The role of the vascularized bone marrow component as a continuous source of donor-derived hematopoietic stem cells that facilitate tolerance induction of vascularized composite allografts is not completely understood. In this study, vascularized composite tissue allograft transplantation outcomes between recipients receiving either conventional bone marrow transplantation (CBMT) or vascularized bone marrow (VBM) transplantation from Balb/c (H2d) to C57BL/6 (H2b) mice were compared. Either high- or low-dose CBMT (1.5 × 108 or 3 × 107 bone marrow cells, respectively) was applied. In addition, recipients were treated with costimulation blockade (1 mg anti-CD154 and 0.5 mg CTLA4Ig on postoperative days 0 and 2, respectively) and short-term rapamycin (3 mg/kg/day for the first posttransplant week and then every other day for another 3 weeks). Similar to high-dose conventional bone marrow transplantation, 5/6 animals in the vascularized bone marrow group demonstrated long-term allograft survival (>120 days). In contrast, significantly shorter median survival was noted in the low-dose CBMT group (~64 days). Consistently high chimerism levels were observed in the VBM transplantation group. Notably, low levels of circulating CD4+ and CD8+ T cells and a higher ratio of Treg to Teff cells were maintained in VBM transplantation and high-dose CBMT recipients (>30 days) but not in low-dose VBM transplant recipients. Donor-specific hyporesponsiveness was shown in tolerant recipients in vitro. Removal of the vascularized bone marrow component after secondary donor-specific skin transplantation did not affect either primary allograft or secondary skin graft survival.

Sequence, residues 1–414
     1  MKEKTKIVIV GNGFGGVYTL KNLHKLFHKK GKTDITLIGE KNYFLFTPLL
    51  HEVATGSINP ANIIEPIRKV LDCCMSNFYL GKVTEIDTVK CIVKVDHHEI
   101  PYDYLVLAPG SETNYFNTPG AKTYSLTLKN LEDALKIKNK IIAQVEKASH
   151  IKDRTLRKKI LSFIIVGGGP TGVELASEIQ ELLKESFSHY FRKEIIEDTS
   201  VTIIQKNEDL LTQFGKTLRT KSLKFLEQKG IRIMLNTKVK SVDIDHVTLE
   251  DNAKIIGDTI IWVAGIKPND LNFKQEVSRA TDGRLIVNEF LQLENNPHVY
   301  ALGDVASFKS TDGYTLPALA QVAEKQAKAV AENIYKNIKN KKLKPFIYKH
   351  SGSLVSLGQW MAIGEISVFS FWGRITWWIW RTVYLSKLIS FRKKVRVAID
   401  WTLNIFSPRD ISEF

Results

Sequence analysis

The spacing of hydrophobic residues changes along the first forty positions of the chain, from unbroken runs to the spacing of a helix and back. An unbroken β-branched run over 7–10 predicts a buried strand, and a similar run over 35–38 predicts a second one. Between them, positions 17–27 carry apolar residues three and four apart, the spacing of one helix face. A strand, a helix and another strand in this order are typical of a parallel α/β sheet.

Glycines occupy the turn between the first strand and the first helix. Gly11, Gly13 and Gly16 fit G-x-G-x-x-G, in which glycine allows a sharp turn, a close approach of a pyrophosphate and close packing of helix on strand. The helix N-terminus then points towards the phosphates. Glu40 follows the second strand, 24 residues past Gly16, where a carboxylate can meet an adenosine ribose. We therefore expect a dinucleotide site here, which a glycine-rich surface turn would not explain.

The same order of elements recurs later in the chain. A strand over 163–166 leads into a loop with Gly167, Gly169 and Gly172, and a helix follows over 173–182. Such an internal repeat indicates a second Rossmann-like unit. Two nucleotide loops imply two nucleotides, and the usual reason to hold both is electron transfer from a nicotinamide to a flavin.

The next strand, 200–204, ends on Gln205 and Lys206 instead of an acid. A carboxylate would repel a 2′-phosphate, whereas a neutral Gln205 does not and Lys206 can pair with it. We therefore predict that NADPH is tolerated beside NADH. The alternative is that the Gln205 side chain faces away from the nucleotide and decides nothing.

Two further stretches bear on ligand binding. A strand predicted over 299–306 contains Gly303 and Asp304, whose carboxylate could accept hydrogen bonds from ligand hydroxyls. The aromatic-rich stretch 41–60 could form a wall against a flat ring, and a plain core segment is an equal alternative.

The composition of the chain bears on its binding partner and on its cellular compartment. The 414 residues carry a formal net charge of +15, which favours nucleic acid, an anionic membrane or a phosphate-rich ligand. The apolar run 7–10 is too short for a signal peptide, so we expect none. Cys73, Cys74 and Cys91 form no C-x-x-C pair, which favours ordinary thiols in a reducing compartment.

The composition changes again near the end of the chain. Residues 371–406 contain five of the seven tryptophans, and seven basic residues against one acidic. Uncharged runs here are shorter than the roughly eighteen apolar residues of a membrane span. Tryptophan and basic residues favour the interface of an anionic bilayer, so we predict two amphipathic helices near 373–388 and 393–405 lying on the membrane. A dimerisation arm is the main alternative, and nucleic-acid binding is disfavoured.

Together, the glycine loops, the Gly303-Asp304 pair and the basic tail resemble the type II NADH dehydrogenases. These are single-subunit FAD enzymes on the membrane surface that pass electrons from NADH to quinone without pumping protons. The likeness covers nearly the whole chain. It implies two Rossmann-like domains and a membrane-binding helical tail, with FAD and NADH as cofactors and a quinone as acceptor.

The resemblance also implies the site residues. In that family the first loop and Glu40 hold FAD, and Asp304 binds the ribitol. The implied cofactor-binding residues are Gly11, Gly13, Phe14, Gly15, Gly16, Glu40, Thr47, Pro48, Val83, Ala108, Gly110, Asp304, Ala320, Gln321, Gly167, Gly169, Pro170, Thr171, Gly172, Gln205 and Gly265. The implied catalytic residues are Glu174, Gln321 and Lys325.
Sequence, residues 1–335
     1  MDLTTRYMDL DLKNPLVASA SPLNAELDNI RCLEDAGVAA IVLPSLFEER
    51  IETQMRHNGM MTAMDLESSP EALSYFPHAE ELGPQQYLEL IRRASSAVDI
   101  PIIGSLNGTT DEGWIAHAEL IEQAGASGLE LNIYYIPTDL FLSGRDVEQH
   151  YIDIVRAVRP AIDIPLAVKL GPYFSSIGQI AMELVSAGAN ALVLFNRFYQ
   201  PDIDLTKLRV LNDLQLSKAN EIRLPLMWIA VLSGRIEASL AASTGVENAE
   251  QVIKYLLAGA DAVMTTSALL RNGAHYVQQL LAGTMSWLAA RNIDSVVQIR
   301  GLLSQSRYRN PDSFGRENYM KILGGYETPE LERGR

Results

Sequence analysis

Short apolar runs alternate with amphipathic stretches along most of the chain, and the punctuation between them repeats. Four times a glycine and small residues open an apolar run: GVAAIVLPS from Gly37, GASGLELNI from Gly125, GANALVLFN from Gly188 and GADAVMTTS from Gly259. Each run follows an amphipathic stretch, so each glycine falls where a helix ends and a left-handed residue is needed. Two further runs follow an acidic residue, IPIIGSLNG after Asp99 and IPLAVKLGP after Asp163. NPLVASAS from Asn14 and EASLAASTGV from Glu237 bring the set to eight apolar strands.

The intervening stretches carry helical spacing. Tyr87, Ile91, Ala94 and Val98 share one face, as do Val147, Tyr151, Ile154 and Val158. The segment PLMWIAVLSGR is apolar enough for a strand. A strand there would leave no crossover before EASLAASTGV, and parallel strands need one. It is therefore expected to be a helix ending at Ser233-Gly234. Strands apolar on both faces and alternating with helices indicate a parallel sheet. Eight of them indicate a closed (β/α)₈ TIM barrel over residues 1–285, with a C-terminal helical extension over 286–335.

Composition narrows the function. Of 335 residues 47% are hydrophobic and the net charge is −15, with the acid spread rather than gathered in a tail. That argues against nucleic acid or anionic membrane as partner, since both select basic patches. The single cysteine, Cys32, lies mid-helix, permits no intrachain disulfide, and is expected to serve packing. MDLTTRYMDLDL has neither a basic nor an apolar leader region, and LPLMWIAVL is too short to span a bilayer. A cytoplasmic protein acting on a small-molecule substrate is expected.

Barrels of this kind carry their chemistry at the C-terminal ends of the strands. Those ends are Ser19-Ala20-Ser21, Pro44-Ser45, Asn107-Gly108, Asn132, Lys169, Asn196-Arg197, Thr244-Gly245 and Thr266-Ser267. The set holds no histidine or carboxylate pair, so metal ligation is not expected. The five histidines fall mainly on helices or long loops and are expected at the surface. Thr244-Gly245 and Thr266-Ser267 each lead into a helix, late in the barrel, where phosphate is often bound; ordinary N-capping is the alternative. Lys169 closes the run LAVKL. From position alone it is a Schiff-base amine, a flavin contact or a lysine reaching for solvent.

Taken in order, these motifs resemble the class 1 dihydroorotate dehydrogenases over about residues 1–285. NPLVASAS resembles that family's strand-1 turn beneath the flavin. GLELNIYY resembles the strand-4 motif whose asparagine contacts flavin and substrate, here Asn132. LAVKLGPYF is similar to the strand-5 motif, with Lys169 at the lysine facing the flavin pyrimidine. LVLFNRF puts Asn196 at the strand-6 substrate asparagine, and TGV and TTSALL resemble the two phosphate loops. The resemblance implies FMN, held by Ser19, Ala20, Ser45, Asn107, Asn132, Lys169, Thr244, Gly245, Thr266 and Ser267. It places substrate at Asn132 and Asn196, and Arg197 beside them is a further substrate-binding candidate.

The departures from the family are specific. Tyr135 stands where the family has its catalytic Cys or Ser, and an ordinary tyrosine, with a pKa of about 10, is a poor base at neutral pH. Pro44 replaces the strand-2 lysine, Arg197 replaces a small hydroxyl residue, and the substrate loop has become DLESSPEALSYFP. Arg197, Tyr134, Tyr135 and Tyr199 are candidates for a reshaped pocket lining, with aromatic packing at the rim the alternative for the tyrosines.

- Costimulation blockade
- Donor-specific tolerance
- Vascularized bone marrow transplantation
- Vascularized composite allotransplantation
ASJC Scopus subject areas
- Immunology and Allergy
- Infectious Diseases